MALT hopes to conserve land next to Chipman Hill
MIDDLEBURY — The Middlebury selectboard on Tuesday gave its support to an effort by two local nonprofits to conserve a 38.3-acre parcel of land on the eastern slope of Chipman Hill, a wooded parcel once eyed for development that would instead be preserved for public enjoyment.
The property in question is part of an 80-acre tract owned since 1986 by the Co-operative Insurance Co. The tract was recently tabbed for a 40-condominium development, a proposal that was subsequently taken off the table. Ted Davis, senior vice president at Co-op Insurance, said the company is now interested in working with the Middlebury Area Land Trust (MALT) and Battell Trust in conserving a 38.3-acre section of the land that is sloped, forested and abuts a large spread of land on Chipman Hill that is already preserved.
MALT is a local land conservation organization that is best known for its creation of the Trail Around Middlebury. The Battell Trust provides stewardship for 130 acres on Chipman Hill and the 90-acre Battell Woods properties that were willed to the town by the late Joseph Battell, who stipulated that the lands be used for public enjoyment.
“As a company, we would rather see the 38.3 acres preserved,” Davis told the board, noting the remaining 42 acres that is on flatter terrain is currently being farmed, and could still be developed for housing someday. The selectboard two years ago noted the land would provide a logical growth area for the village.
The current board reiterated that notion, but acknowledged the 38.3 acres being targeted for conservation does not seem topographically suited for development.
“It is certainly a challenging piece of land,” Davis said.
Story Jenks, president of the MALT board of trustees, said the Co-op Insurance property would be useful in fortifying local trail connections while providing more recreation opportunities for area residents. And he noted the land is quite visible from Route 116 and other major roads.
The 38.3 acres was appraised around a year ago at $335,000 — though that is not a certain indicator of what the property would sell for, officials stressed.
Jenks said purchase of the property would ideally involve a collaboration between the town (which has a conservation fund), MALT and Battell Trust, along with a grant through the Vermont Housing and Conservation Board and private fundraising.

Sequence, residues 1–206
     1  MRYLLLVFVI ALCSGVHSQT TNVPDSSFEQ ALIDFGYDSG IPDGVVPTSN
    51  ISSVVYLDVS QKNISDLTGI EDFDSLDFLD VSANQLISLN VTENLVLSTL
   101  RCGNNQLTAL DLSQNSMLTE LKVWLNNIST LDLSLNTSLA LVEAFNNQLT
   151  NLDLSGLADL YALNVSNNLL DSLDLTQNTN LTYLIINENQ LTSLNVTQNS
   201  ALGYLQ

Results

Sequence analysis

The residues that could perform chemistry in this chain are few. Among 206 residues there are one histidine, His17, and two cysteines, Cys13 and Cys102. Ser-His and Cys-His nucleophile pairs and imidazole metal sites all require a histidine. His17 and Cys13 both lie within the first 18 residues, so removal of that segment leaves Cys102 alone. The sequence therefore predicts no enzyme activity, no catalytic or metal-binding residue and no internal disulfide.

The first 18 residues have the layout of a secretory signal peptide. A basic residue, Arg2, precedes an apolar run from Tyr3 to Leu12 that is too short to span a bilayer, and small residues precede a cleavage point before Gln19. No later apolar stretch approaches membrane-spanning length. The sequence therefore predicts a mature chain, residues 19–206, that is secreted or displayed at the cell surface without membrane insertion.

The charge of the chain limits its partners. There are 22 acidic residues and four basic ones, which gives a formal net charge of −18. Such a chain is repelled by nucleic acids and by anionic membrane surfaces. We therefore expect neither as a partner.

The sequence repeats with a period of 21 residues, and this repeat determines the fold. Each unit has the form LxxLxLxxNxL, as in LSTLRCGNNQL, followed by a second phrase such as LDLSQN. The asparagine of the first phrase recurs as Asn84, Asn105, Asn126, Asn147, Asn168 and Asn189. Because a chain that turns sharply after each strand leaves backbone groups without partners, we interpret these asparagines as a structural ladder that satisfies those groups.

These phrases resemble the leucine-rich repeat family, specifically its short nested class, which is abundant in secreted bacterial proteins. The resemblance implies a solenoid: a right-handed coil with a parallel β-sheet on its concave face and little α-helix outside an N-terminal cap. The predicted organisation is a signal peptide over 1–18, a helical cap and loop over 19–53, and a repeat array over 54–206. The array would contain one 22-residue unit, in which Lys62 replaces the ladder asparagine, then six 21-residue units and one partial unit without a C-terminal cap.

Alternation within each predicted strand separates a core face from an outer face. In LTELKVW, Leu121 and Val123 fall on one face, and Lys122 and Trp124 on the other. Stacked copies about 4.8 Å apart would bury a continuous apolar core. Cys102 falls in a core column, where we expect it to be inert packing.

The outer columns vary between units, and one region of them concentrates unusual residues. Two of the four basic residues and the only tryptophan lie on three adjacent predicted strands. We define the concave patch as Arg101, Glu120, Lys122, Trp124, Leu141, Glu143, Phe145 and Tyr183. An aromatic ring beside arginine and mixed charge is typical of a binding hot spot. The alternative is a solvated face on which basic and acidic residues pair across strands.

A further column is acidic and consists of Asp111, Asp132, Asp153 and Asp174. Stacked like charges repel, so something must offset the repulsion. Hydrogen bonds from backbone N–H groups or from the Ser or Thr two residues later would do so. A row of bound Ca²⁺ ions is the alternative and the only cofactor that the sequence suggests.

Selectboard members encouraged MALT to keep exploring acquisition of the property and report back in the near future.
“I think it does make sense to pursue it,” Selectman Victor Nuovo said.
“It sounds like a great proposal,” selectboard Chairman Dean George added.
Selectman Gary Baker was disappointed to hear the land would be posted against hunting with rifles, but urged that bow hunting be allowed if the land is conserved.
In other action on Tuesday, the Middlebury selectboard:
• Unanimously approved a final construction contract of $4,798,537 for the voter-approved overhaul of the town’s Seymour Street and East Middlebury fire stations — an amount that provides a savings of $76,463 off the bonded estimate of $4,875,000. The amount provides for a contingency fund of 10 percent of the total project cost, and includes five alternate-add items — including placement of brick and ground face block veneer on the west face of the Seymour Street station and inclusion of radiant heat for the apparatus bay apron and trench drain.
Chris Huston, project engineer with Bread Loaf Corp., said many local subcontractors will work on the project. He said bids came in at “favorable” levels for the project, as construction companies remain hungry in the current economy.
Work will soon begin on the Seymour Street station, which will be expanded and renovated. Work on replacing the East Middlebury station is expected to begin in June.
• Agreed to seek voter permission before any town land behind Ilsley Library can be conveyed for construction of a future economic development project.
The selectboard is considering establishing a holding company with Middlebury College to market properties the two entities own behind the Ilsley Library, representing a combined total of around 1.5 acres that is being considered for a mixed-use economic development project.
The five small parcels in question were valued in November of 2011 at a combined total of $1.6 million, according to town records.
College and town officials have, for the past few years, discussed pooling the property and selling it to a developer for a retail/commercial/office venture — with parking — that would increase the town’s profile as a shopping destination and also boost Middlebury’s grand list.
In order to make this happen, the land must be placed into a limited liability corporation controlled by an eight-member board of college and town officials, along with an independent member. A 75-percent supermajority vote of the board would be required to sell any of the land assets to a prospective developer.
The selectboard has promised to hold public meetings to further explained the economic development initiative.
• Agreed to appoint Middlebury College nominees David Donahue and Patrick Norton to the five-member Business Development Fund (BDF) Advisory Board. Donahue currently serves as special assistant to Middlebury College President Ron Liebowitz. Norton is chief financial officer for the college.
Selectman Nick Artim and former Middlebury selectboard Chairman John Tenny will serve as the town’s appointees. Together, the four will pick a fifth member for the panel, which will help oversee the BDF and a soon-to-be-hired business development director who will work to grow existing Middlebury enterprises and woo new ones to the community.
Reporter John Flowers is at [email protected].
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